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Wealthy car collectors, auction firms to gather in Arizona

A 1960 and a 1958 Ferrari will be among the cars on the block at a weeklong gathering in Scottsdale and Phoenix. Bids may go as high as $10 million.

January 10, 2013|By David Undercoffler, Los Angeles Times
  • Thousands of vehicles will be auctioned off over the weeklong Arizona event. Auction firm Gooding & Co. estimates that a 1958 Ferrari 250 GT LWB California Spider, above, will go for $5.5 million to $7 million.
Thousands of vehicles will be auctioned off over the weeklong Arizona event.… (Mike Maez )

If $8 million sounds like too much for a 1960 Ferrari, perhaps a 1958 model in the range of $5.5 million to $7 million better suits your budget.

Such are the choices the world's wealthiest car collectors will face this month in Arizona. Every year, buyers, sellers and car nuts descend on Scottsdale and Phoenix for one of the largest gatherings of car auctions in the country.

"This is it. This is the big one," McKeel Hagerty says of the week of auctions. Hagerty is founder and chief executive of Hagerty Insurance Agency, which insures and tracks sale prices of classic cars. "It is a bucket list item for any car guy at some point in your life."

Photos: Highlights of the classic cars offered in Arizona

Thousands of vehicles will be auctioned by companies including Gooding & Co. of Santa Monica, RM Auctions, Bonhams, Barrett-Jackson and Russo & Steele. The models offered range from a 1926 Cadillac to a 2012 Shelby GT500 Super Snake, with prices from the low $20,000s to the high seven figures. Auctions run Jan. 15-20.

Barrett-Jackson says around 270,000 people attended its 2012 Arizona event over the course of a week, and the company expects to top that number this year.

Antique car buffs now consider the Arizona event on par with the Monterey car week held every August in California. Although the Monterey week offers an amalgam of events including heritage racing, car auctions and the Pebble Beach Concours d'Elegance, Arizona is strictly auctions.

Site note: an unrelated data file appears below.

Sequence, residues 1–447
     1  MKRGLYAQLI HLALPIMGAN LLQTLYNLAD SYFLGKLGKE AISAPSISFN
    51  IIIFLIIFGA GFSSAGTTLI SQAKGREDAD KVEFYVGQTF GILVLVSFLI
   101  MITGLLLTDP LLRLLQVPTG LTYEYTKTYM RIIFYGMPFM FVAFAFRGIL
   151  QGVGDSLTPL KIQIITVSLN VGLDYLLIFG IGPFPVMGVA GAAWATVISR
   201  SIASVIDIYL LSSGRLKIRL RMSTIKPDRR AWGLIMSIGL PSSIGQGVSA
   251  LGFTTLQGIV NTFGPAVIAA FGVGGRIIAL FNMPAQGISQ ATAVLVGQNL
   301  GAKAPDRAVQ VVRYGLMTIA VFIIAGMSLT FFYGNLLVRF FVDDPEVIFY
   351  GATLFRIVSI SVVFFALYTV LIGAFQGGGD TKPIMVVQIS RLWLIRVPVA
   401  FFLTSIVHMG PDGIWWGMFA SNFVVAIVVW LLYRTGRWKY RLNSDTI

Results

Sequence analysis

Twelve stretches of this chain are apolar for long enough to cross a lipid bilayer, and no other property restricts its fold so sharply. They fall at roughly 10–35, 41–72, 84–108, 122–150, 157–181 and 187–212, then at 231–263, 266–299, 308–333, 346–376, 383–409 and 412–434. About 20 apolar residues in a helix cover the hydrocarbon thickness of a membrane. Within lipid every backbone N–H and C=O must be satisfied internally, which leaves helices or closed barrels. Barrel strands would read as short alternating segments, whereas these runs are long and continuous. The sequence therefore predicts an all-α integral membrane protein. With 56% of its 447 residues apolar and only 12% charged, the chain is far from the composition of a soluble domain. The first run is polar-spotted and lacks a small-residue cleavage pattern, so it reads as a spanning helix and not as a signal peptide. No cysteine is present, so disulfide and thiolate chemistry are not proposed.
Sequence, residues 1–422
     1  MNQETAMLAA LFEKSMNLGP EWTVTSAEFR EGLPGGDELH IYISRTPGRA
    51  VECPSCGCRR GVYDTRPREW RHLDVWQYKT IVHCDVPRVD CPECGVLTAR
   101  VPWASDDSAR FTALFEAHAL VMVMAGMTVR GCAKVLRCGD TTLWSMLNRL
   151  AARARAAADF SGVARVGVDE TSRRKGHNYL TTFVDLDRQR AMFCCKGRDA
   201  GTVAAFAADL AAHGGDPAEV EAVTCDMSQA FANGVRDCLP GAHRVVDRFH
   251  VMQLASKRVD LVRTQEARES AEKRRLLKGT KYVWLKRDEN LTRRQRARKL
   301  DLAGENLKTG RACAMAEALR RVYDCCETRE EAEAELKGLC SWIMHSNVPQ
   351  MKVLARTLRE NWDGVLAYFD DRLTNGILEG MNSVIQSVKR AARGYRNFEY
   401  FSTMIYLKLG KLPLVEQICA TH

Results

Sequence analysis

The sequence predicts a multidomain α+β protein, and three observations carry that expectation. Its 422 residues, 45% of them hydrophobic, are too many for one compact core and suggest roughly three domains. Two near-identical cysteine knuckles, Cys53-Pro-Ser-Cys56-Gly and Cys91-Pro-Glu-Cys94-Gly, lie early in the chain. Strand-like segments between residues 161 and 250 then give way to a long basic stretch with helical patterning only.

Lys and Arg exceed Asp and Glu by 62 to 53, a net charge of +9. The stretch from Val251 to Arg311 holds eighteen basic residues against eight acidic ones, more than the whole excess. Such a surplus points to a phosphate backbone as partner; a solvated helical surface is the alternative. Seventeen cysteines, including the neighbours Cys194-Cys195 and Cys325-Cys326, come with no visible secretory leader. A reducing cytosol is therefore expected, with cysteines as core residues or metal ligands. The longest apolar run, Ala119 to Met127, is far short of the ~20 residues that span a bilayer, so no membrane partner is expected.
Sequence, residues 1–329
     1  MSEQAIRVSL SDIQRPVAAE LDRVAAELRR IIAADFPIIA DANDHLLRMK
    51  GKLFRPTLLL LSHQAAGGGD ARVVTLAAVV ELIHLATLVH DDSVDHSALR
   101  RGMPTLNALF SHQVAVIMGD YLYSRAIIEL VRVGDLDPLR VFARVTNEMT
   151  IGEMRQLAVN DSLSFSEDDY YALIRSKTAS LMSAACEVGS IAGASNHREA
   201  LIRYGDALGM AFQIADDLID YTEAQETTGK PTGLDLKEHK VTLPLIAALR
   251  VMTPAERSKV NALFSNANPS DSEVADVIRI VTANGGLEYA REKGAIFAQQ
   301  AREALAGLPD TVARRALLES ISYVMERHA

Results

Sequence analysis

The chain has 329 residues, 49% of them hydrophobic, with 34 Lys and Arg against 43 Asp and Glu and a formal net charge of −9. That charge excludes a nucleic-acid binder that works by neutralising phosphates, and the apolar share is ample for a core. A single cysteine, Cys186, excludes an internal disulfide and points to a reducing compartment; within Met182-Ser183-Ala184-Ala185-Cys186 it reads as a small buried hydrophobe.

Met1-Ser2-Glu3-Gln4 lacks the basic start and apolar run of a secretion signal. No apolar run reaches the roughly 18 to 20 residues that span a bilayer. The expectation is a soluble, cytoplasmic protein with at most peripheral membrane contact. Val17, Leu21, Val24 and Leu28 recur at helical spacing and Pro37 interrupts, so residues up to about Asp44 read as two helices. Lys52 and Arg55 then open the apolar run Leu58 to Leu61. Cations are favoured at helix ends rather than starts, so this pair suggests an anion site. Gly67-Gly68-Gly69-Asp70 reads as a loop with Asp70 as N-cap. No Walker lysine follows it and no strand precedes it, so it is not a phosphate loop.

"Everybody there is very much in the mood to buy and sell," David Gooding, president and chief executive of Gooding & Co., said of Scottsdale. "At Pebble, there's just so much going on that people sometimes are a little less focused. Everybody tends to get a little stressed out and tired."

The pair of rare Ferraris, offered by rival auction houses, probably will compete for bragging rights that go with the top-dollar sale.

Gooding & Co., which has a five-year streak of selling the priciest car, is bringing a 1958 Ferrari 250 GT LWB California Spider. The long-wheelbase convertible is one of only 50 built and features a 3.0-liter V-12 that makes at least 250 horsepower. The car has been certified by Ferrari as a matching-numbers example and has been shown at elite car shows including Pebble Beach. Matching-numbers cars are those that still have original components such as the engine with identification numbers that match those on other parts of the vehicle.

"There's nothing you can fault on this car; it's as nice as it can be," David Gooding said of the midnight blue California Spider.